There's no song list as with a regular musical but there's dancing to go with the songs. This is charmingly choreographed by Jerry Mitchell and pushes the envelope of the "play with music " genre though I doubt that it will seed a cast album.

The song and dance ensemble headed by Harry Groener, couldn't be better. Groener proves his acting mettle by playing all the male parts (from McCarthy's razor strap wielding uncle to Phillip Rahv, her "first Jew,", to Hellman's long-time companion, Dashiell Hammett). Jones and Kurtz get to sing at the top of the second act but, since neither has a particularly good voice, their rendition of the title song mercifully segues into a conclusion by the ensemble.

Veteran actress Anne Pitoniak appears briefly but memorably as psychoanalyst Muriel Gardiner, whose memoir, Code Name Mary, exposed the Julia in Pentimento to be fictionalized rather than a friend of Hellman's. Her understated moment as a witness in a mock courtroom scene stopped the show for a deserved round of applause at last Saturday's performance. Ironically, while Gardiner's book set the record straight it has slipped out of print while the discredited Pentimento is still on book store shelves.

Not the least of the show's assets derives from the inventive staging. Besides its traditional function, the bright red curtain serves as a backdrop for Jan Hartley's well chosen video projections and in one instance flutters to evoke the sense of being on a speeding train.

Michael Levine's set design includes a fig tree that's spectacular enough to warrant its own song, "Fig Tree Rag." Another delightful prop is a rollout platform for the Sarah Lawrence scene in which the lack of female students to listen to Hellman's lecture is amusingly filled out by male ensemble members in kerchiefs. The complementary colors and styles of Robert Morgan's costumes effectively underscore the overall idea of these complicated women's similarities and differences.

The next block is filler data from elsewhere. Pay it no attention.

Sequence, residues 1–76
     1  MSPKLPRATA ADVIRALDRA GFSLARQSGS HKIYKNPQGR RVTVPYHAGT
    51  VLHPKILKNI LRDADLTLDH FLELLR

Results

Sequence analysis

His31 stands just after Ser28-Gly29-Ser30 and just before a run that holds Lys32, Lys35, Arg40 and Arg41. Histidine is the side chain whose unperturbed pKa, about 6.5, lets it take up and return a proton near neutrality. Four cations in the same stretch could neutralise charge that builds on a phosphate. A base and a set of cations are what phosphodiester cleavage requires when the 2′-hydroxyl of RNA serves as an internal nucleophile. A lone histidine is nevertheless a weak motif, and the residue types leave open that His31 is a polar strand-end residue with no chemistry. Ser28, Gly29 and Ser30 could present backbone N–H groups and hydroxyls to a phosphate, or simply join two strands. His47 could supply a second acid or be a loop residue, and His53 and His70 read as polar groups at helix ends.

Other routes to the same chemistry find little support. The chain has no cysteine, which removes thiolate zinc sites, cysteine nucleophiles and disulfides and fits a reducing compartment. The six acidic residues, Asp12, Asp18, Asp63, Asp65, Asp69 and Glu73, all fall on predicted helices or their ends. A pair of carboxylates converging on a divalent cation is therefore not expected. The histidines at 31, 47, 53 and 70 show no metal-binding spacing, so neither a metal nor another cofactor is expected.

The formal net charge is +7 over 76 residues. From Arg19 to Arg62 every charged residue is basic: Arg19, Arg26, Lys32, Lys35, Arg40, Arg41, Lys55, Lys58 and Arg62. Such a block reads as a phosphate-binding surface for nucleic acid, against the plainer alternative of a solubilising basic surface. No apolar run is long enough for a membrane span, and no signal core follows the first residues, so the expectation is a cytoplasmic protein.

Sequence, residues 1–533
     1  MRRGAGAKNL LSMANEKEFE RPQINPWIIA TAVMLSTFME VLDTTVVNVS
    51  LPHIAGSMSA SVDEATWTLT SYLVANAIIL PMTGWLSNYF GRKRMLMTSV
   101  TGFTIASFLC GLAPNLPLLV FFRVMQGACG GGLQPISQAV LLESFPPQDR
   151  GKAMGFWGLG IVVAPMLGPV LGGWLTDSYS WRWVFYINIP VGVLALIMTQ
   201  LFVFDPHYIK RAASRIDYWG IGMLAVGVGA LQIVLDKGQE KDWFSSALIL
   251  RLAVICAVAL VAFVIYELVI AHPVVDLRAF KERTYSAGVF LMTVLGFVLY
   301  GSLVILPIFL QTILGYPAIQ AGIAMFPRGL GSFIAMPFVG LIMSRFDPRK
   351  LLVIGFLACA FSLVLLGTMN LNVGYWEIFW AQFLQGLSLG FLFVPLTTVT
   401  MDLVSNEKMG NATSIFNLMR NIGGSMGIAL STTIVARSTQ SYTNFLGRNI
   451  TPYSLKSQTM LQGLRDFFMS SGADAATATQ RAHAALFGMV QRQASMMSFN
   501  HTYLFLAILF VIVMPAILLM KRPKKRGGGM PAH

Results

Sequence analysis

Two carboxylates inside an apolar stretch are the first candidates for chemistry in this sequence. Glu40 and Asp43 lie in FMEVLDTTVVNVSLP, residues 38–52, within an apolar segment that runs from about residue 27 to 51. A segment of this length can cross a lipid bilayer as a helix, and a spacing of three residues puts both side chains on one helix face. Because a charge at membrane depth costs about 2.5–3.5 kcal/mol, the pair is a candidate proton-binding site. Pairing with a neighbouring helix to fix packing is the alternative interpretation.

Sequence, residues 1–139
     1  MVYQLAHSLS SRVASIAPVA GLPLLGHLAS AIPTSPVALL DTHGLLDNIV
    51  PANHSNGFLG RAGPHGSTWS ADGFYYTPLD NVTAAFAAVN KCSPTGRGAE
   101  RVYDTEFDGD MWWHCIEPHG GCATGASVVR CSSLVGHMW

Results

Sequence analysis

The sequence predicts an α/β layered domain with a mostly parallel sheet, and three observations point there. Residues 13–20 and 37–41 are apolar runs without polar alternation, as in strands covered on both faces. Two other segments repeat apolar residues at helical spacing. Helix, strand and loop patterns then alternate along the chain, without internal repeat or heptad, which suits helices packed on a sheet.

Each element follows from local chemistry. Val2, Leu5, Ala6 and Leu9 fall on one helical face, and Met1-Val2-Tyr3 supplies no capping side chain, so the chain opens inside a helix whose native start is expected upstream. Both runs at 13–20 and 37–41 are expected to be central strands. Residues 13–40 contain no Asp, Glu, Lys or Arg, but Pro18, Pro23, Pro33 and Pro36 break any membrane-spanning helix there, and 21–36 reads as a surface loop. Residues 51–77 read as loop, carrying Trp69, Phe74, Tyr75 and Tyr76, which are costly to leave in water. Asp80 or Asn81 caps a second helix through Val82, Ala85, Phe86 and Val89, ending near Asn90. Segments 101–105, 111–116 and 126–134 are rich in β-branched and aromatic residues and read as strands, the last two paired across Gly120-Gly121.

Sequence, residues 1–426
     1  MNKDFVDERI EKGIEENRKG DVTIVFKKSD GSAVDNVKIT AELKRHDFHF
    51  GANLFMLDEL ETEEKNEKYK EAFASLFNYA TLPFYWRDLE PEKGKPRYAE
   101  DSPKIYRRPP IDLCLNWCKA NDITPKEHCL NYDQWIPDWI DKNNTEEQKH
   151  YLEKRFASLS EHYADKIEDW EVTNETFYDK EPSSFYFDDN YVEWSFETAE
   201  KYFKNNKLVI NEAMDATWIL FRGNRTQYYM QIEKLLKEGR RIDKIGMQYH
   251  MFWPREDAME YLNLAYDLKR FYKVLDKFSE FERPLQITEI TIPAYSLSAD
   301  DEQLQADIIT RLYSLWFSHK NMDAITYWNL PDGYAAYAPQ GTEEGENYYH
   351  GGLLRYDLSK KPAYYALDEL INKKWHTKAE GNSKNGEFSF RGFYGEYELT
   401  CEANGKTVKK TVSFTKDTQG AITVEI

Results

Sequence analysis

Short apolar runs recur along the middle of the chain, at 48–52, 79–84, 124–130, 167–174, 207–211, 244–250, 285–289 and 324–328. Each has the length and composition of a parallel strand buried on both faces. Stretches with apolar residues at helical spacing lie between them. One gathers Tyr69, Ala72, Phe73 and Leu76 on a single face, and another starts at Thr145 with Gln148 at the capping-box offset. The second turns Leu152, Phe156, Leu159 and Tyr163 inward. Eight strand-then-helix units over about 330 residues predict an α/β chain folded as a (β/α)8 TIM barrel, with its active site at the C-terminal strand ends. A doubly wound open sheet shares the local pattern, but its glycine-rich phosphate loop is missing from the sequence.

Time and the box office receipts will tell if this vaudevillian biodrama about two literary luminaries whose fame had already dimmed by the time they died will attract enough audiences to still be around at awards time. If the show is a real rather than imagined success, both Cherry Jones and Swoosie Kurtz are both likely to be nominated for Best Actress. Fortunately, this would not activate the little green monster syndrome since, unlike McCarthy and Hellman, Jones and Kurtz are real rather than imaginary friends.

Book by Nora Ephron
Music by Marvin Hamlisch
Lyrics by Craig Carnelia
Choreography by Jerry Mitchell
Directed by Jack O'Brien
Cast: Swoosie Kurtz (Lillian Hellman), Cherry Jones (Mary McCarthy) (Harry Groener (The Man), Anne Pitoniak (A Woman).
Ensemble: Anne Allgood, Bernard Dotson, Rosena M. Hill, Gina Lamparella, Dirk Lumbard, Peter Marx, Perry Ojeda, Jim Osorno, Susan Pellegrino, Karyn Quackenbush, Melanie Vaughn
Set Design: Michael Levine
Costume Design: Robert Morgan
Lighting Design: Kenneth Posner
Sound Design: Jon Weston
Video Projections: Jan Hartley
Orchestrations: Torrie Zito
Conductor: Ron Melrose
Musical Direction/Supervision & Dance Arrangements: Ron Melrose
Band: Conductor/piano/Ron Melrose; Assistant conductor -- Jonathan Smith; Trumpet -- Hollis Burridge; Trombone/tuba--Randy Andos; saxophone/woodwinds -- Charles Pillow; Drums/percussions-- Michael Keller; bass--Mary Ann McSweeney; guitar/banjo/ukelele--Brian Koonin
Running time: 2 hours and 20 minutes, includes one intermission
Barrymore Theatre, 243 W. 47th St. 212-239-6200

From 11/25/02; opening 12/12/02
Reviewed by Elyse Sommer based on December 7th press performance.
Closing 2/16/03